The weeks are getting busier but it still feels great. I am excited to start to see some of the fruits of our labors, some of which have already started to blossom!

Picassos, Pottery and Profoundly Productive People

If you had been with me a week ago as we pulled into the circular driveway to the home of the Schwartz’s, you might have been as incredulous as me. A gorgeous brick building loomed over, casting a shadow across the entire driveway. As we exited the vehicle and proceeded up the stone path, a cool midday breeze poured over the hill and brushed against our faces. The birds were alive and the warm sun felt fantastic. We let ourselves into a small foyer at the front of the building where we were greeted by Gerry, a kind elderly woman. She welcomed us into the kitchen to a full spread of salad fixings. The kitchen was alive with aromas; roasted meat wafted into my nostrils, the oven sizzled away and a dark stock simmered gently on the stove.

Three other guests sat at a corner table and introduced themselves as Maggie and Sophie, both sisters and Dalton. Maggie, was a short girl with dreadlocks, braids and beads woven into her hair. Dalton, her significant other had similar hair to match. Sophie was more reserved with a happy demeanor and hair that ran down over her shoulders. We made casual conversation introducing ourselves, and in David’s case, caught up for lost time. I began browsing some of the art on the walls: each piece unique, culminating into an eclectic collection that was only a facadesp for the rest of the house. Shortly after the Sophie’s and Maggie’s father, Lain appeared and gave us a quick introduction to some of the astounding pieces hung about the walls. Gerry gave the announcement that lunch was ready and we were instructed to get Dean from his studio. David, Birte and I clambored down the stairs into the basement lead by Sophie to collect her grandfather. Still matching the theme of the house, the entire stairway was full of various hanging paintings, sketches and other mediums. We pulled open the studio door and there sat a tiny old man with large rimmed spectacles. He was meticulously lining up a picture in a frame – to undoubtedly hang on the wall too. Dean interrupted his work to show us some of the other pieces he had been working on as well. With some convincing we managed to get him moving upstairs for the impending feast. As we walked out of the basement, the house loomed with fantastic aromas. Rounding the corner into the kitchen they came together into a marvelous symphony of smells. Roast turkey, mashed potatoes, half roasted squashes, peas and now along with the salad, various cheese, crackers and three different selections of bread. Lunch – they call it – happens this way each sunday at the Schultz house. This “go big or go home” mentality should have prepared me for what was to some.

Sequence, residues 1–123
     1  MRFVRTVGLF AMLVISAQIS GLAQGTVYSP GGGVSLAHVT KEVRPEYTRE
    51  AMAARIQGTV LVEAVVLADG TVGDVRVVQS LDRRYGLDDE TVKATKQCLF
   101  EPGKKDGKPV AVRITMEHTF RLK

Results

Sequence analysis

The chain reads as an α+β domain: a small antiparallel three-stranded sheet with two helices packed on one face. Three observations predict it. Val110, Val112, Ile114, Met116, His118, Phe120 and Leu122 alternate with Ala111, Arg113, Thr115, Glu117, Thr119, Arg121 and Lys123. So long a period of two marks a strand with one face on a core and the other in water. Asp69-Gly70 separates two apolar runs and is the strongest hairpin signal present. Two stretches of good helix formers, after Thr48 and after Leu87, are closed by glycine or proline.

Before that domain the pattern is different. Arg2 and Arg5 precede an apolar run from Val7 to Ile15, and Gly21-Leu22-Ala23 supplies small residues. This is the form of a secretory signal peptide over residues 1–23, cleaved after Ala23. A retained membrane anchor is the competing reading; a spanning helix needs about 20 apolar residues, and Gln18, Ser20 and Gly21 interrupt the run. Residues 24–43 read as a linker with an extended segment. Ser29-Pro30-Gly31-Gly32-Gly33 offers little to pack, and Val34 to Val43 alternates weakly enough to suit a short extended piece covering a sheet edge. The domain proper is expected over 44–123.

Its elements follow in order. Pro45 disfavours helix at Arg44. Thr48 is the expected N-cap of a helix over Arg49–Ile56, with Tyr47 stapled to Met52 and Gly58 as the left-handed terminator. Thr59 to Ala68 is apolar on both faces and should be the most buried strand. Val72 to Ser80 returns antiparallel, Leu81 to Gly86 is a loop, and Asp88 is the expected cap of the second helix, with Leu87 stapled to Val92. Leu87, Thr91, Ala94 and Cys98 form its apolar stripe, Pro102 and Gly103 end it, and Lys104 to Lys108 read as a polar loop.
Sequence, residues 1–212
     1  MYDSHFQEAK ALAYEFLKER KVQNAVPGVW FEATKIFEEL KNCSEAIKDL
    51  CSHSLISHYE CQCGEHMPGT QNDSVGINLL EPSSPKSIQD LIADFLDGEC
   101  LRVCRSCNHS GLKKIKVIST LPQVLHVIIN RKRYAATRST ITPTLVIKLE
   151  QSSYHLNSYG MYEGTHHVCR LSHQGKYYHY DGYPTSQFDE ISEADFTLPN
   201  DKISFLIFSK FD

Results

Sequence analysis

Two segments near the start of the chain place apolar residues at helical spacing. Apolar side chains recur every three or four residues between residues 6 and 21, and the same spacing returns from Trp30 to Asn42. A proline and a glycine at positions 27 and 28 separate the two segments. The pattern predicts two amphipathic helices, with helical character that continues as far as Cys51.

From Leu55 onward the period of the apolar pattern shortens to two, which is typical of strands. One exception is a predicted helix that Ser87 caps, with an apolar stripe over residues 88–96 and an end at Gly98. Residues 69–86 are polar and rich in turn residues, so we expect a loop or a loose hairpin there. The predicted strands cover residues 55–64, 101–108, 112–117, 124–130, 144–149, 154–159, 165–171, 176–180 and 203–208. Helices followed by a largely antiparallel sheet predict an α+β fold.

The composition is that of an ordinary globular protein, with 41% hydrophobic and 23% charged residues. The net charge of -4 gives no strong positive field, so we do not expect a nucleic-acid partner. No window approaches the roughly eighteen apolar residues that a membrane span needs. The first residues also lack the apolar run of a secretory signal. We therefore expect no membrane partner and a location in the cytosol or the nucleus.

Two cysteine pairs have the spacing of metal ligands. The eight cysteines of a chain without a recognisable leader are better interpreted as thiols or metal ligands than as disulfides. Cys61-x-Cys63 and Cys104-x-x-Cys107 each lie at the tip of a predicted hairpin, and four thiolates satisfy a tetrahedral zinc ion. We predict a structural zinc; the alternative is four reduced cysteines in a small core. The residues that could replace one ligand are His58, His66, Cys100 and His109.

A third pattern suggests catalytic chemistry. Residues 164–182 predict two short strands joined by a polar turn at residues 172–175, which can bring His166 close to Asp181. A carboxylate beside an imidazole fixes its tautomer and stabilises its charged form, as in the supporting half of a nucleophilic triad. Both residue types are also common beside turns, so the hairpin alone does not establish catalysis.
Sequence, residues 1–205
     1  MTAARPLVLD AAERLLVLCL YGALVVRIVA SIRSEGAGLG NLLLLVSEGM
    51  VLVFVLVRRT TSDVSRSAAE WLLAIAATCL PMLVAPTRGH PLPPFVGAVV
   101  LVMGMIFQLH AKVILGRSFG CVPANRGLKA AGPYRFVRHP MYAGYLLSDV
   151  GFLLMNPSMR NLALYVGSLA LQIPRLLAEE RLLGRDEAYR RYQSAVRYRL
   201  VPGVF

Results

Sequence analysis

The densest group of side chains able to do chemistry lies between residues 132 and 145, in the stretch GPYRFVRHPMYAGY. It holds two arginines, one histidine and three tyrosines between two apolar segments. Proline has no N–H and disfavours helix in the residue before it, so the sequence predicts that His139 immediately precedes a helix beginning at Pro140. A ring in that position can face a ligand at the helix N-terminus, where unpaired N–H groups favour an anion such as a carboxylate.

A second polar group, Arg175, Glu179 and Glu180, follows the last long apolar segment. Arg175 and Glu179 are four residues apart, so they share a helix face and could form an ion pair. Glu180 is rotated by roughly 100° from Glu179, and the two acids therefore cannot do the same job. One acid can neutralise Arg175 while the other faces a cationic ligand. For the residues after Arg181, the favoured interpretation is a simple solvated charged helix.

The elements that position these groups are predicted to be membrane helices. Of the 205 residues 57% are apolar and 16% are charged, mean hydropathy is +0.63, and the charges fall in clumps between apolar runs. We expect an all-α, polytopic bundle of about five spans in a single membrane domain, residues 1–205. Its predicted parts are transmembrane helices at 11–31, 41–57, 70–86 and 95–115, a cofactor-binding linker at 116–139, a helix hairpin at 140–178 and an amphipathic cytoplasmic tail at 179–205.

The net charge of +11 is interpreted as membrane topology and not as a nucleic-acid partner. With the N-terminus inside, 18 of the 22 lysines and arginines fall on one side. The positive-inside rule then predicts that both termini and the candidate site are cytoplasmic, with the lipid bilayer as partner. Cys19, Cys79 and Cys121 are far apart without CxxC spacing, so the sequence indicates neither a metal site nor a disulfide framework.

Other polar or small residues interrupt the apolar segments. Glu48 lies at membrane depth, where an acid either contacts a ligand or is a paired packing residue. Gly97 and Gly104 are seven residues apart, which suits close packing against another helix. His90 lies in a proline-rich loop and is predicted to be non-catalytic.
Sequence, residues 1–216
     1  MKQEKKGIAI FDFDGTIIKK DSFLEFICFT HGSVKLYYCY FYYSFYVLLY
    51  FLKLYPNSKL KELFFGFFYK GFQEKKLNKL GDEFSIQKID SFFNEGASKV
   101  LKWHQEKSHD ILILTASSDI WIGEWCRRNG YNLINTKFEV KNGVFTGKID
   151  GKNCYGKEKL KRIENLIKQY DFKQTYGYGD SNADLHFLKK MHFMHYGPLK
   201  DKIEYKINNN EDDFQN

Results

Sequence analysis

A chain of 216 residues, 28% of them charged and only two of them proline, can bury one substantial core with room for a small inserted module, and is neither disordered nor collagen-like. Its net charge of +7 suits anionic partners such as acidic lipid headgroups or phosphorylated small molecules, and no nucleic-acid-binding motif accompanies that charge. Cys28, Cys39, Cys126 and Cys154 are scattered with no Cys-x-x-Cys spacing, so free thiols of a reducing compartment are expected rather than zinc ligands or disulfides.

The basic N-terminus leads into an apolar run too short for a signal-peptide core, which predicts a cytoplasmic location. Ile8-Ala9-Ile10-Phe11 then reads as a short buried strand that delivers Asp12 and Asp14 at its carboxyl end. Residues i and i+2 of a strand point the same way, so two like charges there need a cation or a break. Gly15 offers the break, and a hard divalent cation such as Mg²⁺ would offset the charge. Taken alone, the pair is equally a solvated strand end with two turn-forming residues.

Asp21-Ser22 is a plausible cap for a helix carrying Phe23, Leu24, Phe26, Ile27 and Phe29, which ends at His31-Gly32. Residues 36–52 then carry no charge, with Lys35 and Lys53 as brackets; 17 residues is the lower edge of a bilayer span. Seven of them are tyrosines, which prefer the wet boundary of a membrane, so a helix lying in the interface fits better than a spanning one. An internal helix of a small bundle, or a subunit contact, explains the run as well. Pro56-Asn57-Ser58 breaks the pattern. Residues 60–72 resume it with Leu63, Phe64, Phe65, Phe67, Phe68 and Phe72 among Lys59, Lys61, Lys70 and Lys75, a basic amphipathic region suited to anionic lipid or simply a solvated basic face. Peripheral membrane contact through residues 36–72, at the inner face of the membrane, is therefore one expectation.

We sat down to a perfect relaxed lunch, plates overflowing, with all sorts of accoutrements. We enjoyed pleasant conversation as the young folk went around the table telling each other a little about ourselves and what we are currently up to. Interestingly enough, each of us was on some sort of sabbatical or break to help realign our thinking. In classic grandmotherly style Gerry insisted we go for seconds, which Birte and I more than willingly did. We ended the meal with a spread of fresh baked desserts of brownies and an assortment of cookies.